Biography: Anna Whelan Betts studied at the Pennsylvania Academy of Fine Arts, in Paris with GCE Courtois, and with Howard Pyle. Her first commission was from Collier's Weekly in 1899, and she worked steadily in book and magazine illustration until 1925, when she retired because of failing eyesight. Much of her work was done for publications and texts marketed primarily to women. Her style and technique often feature a decorative two-dimensionality in figures and backgrounds, and a sensitve use of color.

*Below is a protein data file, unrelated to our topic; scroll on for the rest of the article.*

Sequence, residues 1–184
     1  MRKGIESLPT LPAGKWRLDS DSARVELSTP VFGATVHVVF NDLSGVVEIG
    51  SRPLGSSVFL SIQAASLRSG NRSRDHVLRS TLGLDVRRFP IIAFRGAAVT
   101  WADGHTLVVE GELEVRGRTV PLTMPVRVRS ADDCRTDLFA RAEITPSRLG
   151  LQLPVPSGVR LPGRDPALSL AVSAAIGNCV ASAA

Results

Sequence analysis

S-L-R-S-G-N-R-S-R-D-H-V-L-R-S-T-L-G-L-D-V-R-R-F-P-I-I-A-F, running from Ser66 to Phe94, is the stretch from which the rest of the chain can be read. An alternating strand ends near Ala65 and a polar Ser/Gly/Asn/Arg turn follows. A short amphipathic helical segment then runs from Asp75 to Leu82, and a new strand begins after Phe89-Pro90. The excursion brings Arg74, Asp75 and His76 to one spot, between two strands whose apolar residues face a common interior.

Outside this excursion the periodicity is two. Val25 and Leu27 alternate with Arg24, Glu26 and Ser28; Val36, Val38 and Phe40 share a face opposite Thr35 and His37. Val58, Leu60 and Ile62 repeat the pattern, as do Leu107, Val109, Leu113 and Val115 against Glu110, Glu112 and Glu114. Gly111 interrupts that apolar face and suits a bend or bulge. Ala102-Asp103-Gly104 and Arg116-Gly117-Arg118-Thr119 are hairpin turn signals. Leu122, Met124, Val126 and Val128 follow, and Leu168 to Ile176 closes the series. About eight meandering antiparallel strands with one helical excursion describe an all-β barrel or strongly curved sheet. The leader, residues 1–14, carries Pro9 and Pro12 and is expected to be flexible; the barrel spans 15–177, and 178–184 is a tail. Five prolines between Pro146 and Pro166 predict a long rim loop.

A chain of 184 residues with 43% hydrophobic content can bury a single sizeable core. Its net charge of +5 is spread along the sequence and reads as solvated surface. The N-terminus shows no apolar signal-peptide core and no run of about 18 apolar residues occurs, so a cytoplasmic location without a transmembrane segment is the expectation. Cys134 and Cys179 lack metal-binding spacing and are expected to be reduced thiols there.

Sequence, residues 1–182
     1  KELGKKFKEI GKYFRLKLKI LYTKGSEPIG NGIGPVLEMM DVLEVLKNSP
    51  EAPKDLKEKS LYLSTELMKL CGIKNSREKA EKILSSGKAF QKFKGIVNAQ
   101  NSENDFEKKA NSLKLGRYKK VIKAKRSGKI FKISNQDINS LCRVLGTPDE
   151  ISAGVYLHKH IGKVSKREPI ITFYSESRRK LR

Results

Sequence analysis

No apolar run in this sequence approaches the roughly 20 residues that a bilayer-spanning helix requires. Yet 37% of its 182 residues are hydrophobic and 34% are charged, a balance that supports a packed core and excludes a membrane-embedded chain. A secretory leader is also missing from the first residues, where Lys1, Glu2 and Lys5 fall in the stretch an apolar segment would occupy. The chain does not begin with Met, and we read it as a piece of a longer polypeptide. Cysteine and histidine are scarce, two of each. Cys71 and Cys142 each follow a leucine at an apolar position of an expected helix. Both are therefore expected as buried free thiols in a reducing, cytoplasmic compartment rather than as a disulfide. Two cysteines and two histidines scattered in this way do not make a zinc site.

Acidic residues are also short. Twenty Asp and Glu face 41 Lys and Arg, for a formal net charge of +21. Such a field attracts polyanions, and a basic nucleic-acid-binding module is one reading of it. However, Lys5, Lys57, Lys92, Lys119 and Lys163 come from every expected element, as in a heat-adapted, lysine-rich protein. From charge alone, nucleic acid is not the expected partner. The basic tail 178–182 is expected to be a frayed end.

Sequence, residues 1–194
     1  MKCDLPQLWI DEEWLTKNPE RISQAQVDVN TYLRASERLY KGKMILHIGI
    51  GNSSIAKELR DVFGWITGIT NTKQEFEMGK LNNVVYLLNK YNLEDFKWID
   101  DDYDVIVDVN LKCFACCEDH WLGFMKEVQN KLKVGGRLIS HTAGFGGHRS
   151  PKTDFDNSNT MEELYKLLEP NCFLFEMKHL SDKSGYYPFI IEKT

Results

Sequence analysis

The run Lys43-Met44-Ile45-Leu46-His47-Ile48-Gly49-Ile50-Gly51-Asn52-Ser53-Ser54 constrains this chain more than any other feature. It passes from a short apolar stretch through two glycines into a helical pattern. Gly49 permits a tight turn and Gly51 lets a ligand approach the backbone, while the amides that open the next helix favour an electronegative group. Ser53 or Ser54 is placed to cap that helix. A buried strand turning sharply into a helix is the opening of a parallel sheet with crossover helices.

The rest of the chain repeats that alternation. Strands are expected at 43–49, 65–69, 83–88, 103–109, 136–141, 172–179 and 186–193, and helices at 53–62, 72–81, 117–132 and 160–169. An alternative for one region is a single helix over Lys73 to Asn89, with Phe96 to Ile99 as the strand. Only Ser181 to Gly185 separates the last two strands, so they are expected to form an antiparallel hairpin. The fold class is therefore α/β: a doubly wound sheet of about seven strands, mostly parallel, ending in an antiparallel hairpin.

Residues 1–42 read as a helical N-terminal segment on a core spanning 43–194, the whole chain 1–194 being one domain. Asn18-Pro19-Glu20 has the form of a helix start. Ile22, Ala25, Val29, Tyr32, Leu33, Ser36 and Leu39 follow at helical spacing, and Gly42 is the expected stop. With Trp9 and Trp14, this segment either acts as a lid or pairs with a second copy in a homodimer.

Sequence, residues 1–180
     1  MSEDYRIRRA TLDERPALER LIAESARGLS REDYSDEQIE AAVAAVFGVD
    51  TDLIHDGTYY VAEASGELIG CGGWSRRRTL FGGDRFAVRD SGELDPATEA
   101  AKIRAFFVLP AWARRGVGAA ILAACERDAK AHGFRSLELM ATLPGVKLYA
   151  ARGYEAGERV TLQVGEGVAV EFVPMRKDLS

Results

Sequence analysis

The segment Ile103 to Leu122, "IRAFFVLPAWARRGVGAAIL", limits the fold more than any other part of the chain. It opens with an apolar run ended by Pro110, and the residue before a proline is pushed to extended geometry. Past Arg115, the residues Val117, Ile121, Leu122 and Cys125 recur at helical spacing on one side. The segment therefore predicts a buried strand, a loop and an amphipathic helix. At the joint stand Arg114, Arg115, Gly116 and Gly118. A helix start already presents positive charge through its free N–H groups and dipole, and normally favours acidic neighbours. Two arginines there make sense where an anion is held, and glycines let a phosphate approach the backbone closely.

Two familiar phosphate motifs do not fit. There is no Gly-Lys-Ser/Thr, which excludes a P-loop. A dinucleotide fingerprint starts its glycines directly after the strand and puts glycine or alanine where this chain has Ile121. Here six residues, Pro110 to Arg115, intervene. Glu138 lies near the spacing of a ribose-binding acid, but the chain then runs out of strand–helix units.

In Philadelphia Betts was active in the Watercolor Club. In 1915 she was awarded a bronze medal at the San Francisco Panama-Pacific International Exposition.
When Betts retired, she visited New Hope, Pennsylvania, and took a position as overseer of school's domestic affairs. She also served as the art teacher for twenty years. After leaving the school in 1948, Betts shared a house in New Hope (PA) with her sister, fellow illustrator and Pyle student Ethel Franklin Betts Bains. In Anna's later years, she divided her time between New Hope and the Philadelphia area.